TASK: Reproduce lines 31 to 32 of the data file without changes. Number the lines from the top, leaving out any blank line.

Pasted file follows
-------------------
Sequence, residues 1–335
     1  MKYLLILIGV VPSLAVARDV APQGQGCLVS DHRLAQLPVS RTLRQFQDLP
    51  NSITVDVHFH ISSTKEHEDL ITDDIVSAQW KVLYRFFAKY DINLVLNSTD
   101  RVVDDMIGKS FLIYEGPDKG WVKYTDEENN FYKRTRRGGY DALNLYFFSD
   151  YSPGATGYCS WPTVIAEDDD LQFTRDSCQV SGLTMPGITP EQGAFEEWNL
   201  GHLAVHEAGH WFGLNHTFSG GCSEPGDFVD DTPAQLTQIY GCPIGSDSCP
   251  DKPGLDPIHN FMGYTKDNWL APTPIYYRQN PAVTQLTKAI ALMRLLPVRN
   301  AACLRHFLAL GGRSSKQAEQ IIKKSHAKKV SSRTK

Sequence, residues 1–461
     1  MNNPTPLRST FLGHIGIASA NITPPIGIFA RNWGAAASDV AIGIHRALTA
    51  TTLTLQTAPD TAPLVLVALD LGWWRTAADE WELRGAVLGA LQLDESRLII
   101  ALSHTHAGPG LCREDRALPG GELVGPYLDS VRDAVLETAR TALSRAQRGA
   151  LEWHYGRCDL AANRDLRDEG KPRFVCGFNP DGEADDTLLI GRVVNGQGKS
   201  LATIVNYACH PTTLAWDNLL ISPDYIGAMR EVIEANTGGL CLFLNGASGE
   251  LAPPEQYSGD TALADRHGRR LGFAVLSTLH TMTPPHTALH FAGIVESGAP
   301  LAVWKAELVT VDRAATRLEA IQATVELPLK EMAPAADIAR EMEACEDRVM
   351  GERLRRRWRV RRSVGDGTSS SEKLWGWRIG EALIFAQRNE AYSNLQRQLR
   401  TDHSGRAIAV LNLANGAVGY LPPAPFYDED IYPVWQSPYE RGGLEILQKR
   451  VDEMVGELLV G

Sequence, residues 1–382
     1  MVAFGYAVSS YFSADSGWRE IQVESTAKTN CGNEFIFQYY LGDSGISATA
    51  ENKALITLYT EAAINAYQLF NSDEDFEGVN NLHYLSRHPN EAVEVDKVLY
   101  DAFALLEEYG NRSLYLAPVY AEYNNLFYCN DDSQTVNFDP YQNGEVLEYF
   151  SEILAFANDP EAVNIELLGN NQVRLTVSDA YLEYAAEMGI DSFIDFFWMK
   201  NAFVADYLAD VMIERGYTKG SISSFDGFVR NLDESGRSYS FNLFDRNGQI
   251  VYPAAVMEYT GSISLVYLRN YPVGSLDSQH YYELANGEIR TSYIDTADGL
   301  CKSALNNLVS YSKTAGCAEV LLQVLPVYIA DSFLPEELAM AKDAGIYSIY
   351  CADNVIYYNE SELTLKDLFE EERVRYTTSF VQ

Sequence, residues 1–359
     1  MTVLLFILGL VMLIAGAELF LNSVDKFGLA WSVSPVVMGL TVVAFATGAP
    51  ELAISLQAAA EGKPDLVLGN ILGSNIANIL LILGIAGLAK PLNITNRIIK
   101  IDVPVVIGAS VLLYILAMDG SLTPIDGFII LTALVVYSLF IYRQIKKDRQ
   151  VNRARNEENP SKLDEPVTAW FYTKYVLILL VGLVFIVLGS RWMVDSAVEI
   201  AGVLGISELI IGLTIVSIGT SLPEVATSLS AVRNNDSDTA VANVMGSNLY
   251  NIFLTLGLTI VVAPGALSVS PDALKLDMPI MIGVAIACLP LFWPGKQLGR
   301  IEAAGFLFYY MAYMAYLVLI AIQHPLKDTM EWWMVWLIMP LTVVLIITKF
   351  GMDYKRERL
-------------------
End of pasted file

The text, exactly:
    51  ELAISLQAAA EGKPDLVLGN ILGSNIANIL LILGIAGLAK PLNITNRIIK
   101  IDVPVVIGAS VLLYILAMDG SLTPIDGFII LTALVVYSLF IYRQIKKDRQ